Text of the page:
17.  Thoracoscopic surgery for pulmonary oncocytoma, an uncommon neoplasm 
Current Oncology  2014;21(1):e166-e168.
Oncocytoma is an uncommon neoplasm with a characteristic histologic feature of abundant eosinophilic granular cytoplasm. It almost always occurs in kidney, thyroid, or salivary gland. Pulmonary oncocytoma is a rare pulmonary neoplasm, with fewer than 10 cases reported so far in the available English literature. We encountered one such case that was successfully managed by thoracoscopic lobectomy.
doi:10.3747/co.21.1713
PMCID: PMC3921042  PMID: 24523615
Pulmonary neoplasm; oncocytoma; thoracoscopic surgery
18.  “Bored out of my gourd”: a cancer survivor’s return-to-work experience 
Current Oncology  2014;21(1):e169-e171.
doi:10.3747/co.21.1665
PMCID: PMC3921043  PMID: 24523616
20.  Qualitative evaluation of care plans for Canadian breast and head-and-neck cancer survivors 
Current Oncology  2014;21(1):e18-e28.
Background
Survivorship care plans (scps) have been recommended as a way to ease the transition from active cancer treatment to follow-up care, to reduce uncertainty for survivors in the management of their ongoing health, and to improve continuity of care. The objective of the demonstration project reported here was to assess the value of scps for cancer survivors in western Canada.
Methods
The Alberta CancerBridges team developed, implemented, and evaluated scps for 36 breast and 21 head-and-neck cancer survivors. For the evaluation, we interviewed 12 of the survivors, 9 nurses who delivered the scps, and 3 family physicians who received the scps (n = 24 in total). We asked about satisfaction, usefulness, emotional impact, and communication value. We collected written feedback from the three groups about positive aspects of the scps and possible improvements (n = 85). We analyzed the combined data using qualitative thematic analysis.
Results
Survivors, nurses, and family physicians agreed that scps could ease the transition to survivorship partly by enhancing communication between survivors and care providers. Survivors appreciated the individualized attention and the comprehensiveness of the plans. They described positive emotional impacts, but wanted a way to ensure that their physicians received the scps. Nurses and physicians responded positively, but expressed concern about the time required to implement the plans. Suggestions for streamlining the process included providing survivors with scp templates in advance, auto-populating the templates for the nurses, and creating summary pages for physicians.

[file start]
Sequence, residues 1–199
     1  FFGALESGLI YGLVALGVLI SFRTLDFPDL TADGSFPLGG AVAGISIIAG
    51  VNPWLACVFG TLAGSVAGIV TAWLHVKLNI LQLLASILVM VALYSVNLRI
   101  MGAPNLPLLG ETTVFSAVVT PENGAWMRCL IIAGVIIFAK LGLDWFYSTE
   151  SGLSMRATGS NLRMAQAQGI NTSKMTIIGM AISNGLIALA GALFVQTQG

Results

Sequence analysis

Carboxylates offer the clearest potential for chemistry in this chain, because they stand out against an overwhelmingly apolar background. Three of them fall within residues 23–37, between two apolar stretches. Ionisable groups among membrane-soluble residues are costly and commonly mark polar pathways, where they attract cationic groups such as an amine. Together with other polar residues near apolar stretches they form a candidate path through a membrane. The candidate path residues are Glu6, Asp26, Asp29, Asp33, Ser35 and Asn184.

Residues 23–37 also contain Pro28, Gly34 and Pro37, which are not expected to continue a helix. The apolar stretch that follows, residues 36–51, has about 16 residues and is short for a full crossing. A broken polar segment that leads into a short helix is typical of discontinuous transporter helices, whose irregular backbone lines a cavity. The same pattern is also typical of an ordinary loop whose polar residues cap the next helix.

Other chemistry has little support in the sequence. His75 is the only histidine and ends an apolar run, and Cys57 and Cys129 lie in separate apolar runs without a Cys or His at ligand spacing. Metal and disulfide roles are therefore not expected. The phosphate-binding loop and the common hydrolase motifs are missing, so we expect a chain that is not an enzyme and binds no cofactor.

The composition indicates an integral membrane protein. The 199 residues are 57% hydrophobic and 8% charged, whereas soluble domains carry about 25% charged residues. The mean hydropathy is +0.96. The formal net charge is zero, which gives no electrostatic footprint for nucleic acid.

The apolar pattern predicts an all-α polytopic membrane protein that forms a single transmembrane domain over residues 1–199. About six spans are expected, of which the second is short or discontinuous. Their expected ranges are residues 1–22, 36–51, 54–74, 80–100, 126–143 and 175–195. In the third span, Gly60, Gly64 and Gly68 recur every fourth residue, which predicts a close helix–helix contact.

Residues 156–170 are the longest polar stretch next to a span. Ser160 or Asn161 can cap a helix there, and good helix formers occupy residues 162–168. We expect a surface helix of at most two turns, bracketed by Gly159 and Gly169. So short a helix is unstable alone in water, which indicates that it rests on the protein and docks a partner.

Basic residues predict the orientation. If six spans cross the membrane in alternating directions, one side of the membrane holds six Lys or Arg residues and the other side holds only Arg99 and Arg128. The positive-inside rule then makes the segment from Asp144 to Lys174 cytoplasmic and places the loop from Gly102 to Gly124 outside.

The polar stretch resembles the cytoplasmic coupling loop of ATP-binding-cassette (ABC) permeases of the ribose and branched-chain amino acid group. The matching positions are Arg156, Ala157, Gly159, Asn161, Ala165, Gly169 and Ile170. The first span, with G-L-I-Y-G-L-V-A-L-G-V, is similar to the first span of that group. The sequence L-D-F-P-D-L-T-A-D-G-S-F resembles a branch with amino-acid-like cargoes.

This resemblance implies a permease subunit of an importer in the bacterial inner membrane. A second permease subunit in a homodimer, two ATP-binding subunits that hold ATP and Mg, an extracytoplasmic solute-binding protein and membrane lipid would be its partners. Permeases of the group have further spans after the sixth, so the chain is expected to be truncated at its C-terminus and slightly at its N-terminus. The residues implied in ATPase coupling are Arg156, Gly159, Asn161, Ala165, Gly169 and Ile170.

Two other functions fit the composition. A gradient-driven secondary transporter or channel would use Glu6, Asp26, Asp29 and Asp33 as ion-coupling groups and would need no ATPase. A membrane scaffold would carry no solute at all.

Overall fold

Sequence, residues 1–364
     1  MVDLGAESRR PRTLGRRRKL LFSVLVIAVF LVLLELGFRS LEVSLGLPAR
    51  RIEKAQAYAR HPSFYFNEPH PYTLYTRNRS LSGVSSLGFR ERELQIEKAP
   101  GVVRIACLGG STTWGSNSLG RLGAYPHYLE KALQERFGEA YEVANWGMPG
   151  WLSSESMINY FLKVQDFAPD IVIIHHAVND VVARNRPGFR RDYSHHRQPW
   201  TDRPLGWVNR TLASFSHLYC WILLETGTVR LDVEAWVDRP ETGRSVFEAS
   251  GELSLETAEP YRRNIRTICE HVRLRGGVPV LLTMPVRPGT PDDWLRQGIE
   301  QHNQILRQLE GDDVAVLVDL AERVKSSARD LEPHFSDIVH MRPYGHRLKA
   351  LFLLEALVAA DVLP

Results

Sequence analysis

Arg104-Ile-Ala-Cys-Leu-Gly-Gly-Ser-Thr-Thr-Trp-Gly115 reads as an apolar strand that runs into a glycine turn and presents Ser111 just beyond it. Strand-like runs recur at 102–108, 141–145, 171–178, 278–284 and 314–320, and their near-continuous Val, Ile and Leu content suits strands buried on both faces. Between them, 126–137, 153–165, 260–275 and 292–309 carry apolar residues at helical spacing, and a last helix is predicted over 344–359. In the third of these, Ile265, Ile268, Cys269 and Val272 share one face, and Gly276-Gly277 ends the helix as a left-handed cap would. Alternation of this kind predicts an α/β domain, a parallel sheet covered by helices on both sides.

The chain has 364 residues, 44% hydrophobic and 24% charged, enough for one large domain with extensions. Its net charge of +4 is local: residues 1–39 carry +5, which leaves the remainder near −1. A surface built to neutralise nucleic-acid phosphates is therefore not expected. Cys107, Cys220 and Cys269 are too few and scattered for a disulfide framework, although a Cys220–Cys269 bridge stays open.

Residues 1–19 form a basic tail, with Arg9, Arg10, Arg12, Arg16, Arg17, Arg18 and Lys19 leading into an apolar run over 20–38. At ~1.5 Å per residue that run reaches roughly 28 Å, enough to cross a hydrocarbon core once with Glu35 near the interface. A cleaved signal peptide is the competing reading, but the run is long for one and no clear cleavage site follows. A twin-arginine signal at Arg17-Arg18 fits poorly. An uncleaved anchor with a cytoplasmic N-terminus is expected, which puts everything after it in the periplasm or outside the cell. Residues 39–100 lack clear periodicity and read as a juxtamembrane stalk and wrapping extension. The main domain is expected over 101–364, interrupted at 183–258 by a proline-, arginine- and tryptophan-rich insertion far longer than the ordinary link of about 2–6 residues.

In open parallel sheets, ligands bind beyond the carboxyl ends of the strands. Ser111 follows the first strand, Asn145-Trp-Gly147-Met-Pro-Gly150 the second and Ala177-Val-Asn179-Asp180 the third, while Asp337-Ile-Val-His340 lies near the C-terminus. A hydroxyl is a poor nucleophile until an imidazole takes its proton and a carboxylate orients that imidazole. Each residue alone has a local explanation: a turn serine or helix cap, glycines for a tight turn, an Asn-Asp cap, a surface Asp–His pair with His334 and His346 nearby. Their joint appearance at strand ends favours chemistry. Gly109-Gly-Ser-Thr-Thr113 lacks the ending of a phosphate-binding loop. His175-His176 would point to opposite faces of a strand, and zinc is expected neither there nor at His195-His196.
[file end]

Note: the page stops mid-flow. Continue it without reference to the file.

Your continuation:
Conclusions
The results suggest ways in which scps could help to improve the transition to cancer survivorship and provide starting points for larger feasibility studies.
doi:10.3747/co.21.1698
PMCID: PMC3921045  PMID: 24523618
Care plans; survivorship; communication; breast cancer; head-and-neck cancer; qualitative analysis
21.  Cost-effectiveness in Canada of azacitidine for the treatment of higher-risk myelodysplastic syndromes 
Current Oncology  2014;21(1):e29-e40.
Objective
Our goal was to determine the economic value of azacitidine in Canada compared with conventional care regimens (ccrs), including best supportive care (bsc) and low- or standard-dose chemotherapy plus bsc in the treatment of higher-risk myelodysplastic syndromes (mdss) and acute myeloid leukemia (aml) with 20%–30% blasts.
Methods
The cost–utility model is a lifetime probabilistic Markov model with a 35-day cycle length consisting of 3 health states: mds; transformation to aml with more than 30% blasts; and death. A third-party public payer perspective was adopted. Overall survival was extrapolated beyond the time horizon of the aza-001 trial comparing azacitidine with ccr. Resource use was determined through a questionnaire completed by Canadian hematologists. Utility values were obtained from two studies in which EQ-5D health questionnaire values were mapped from the European Organization for Research and Treatment of Cancer qlq-C30 survey, and SF-6D scores were mapped from the Short Form 12, elicited from 191 and 43 patients in two different trials.
Results